Monday, August 07, 2006

Why Connecticut Must Tell Republican Joe "NO."

This is it, my last column on Joe Lieberman before tomorrow's primary in Connecticut. Before Democrats in that state cast their ballots, it is important to know why they must vote against Republican Joe Lieberman. These are but some of the many reasons:

  1. Lieberman voted for George W. Bush's Energy Policy Act of 2005, which gives huge tax cuts to oil companies--the very same companies driving up gasoline and oil prices and reaping the profits while average Americans pay through the nose at the pumps.
  2. He supports the far right-wing notion that hospitals should be allowed to refuse to provide rape victims the "morning after pill," which prevents pregnancy within the first seventy-two hours after intercourse.
  3. In 2000 Lieberman stood in support of a policy very similar to Bush's desire to gut Social Security and turn it over to private investors. So far, there is little to indicate he has changed that position very much.
  4. Lieberman voted against a bipartisan measure to bring down the cost of medicines for people unable to afford high prescription drug prices.
  5. Lieberman has consistently stood in support for "free" trade policies that hurt American laborers.
  6. Lieberman voted to confirm John Roberts, Bush's hand-picked nominee for Chief Justice of the Supreme Court. Roberts has a very pro-corporate record. Similarly, Lieberman voted to kill the filibuster of Samuel Alito--thus ensuring his confirmation largely along party lines. Alito, as you probably know, thinks George W. Bush ought to be a king and thinks there is nothing wrong with police illegally strip-searching children. Alito is also very pro-corporate. So why didn't Lieberman vote for cloture to make sure the filibuster failed? Because he knew Alito would be confirmed along party lines. So now, with Lieberman's help, we have two fascists on the Supreme Court who will do everything in their power to protect Bush & Co. and their agenda.
  7. And of course we all know Lieberman's record of apologizing for and defending the Bush policy in Iraq, his attacks on critics of the war, and his desire to keep American soldiers in harm's way indefinitely.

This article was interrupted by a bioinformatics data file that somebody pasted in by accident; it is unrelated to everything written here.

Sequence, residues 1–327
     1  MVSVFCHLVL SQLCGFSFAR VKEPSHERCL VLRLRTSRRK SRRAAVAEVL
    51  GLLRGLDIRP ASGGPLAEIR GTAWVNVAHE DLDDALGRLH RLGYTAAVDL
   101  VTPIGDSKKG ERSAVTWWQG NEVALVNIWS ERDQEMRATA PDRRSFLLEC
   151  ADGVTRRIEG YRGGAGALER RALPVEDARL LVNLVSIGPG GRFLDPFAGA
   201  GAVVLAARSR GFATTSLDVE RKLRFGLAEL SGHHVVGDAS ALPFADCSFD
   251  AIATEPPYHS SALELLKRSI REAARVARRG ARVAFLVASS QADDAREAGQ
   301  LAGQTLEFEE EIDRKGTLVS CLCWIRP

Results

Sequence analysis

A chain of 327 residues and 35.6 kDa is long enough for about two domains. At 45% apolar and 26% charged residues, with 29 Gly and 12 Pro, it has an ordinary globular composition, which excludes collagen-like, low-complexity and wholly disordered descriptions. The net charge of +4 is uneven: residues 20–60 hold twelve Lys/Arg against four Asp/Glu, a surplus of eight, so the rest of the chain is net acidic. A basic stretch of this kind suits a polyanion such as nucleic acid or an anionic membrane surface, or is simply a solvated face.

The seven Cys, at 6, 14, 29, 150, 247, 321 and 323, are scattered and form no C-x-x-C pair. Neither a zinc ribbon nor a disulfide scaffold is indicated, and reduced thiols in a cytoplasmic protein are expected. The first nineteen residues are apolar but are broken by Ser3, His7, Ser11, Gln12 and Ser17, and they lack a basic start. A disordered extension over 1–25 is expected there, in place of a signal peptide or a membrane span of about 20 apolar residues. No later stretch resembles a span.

8. Then there is Lieberman's selfish position that even if he loses in tomorrow's primary, and against the will of Democrats, he will continue to run. Elected officials are supposed to listen to their constituents and do what their constituents tell them to, not go against them time and time again on the issues that really matter.
These are just some of the reasons Lieberman needs to be voted out of the running in tomorrow's Connecticut primary. Joe Lieberman has undermined Americans and the Democratic Party on critical issues so often, parroting the Bush doctrine so often, it is now impossible to distinguish between his beliefs and those of his idol: Shrubya.

Friday, on the American Prospect's website, I read a very compelling column giving very good reasons why Lieberman needs to take the hint and drop out if he loses the primary tomorrow by the percentage polls are predicting (54-41 according to Quinnipiac). All the signs are there for an unprecedented defeat of an incumbent in a primary election. If Republican Joe stays in, hoping to keep alive a quixotic bid to keep his job in November, not only will he lose again but his career in politics will undoubtedly come to humiliating end.

And if Connecticut voters need any more reasons to vote for Ned Lamont tomorrow, especially those opposed to the continuation of occupying Iraq, it is this: a pummeling for Lieberman in tomorrow's primary will force any and all potential contenders for the Democratic nomination for president in 2008 to come out strong against staying in Iraq. More and more Americans are turning against that mess in the Middle East, and they are outraged at the lies, failures, unaccountability and continuation of bad policy. No Democrat with ambitions for the presidency can win the nomination in 2008 unless he comes out against the occupation and in favor of a sensible change in strategy in the war on terrorists. But we won't get such a candidate unless voters in Connecticut and the rest of the U.S. come out strongly against any candidate who supports Bush's policies and agenda.

Democratic voters in Connecticut need to consider the importance of voting for a candidate who will represent their values, instead of his own ambitions and ego. They need an opponent in the U.S. Senate to the Bush regime's endless litany of crimes and abuses of power. How well Democrats fare in the 2008 presidential election also depends on what message the party sends to those who consistently betray both country and party.

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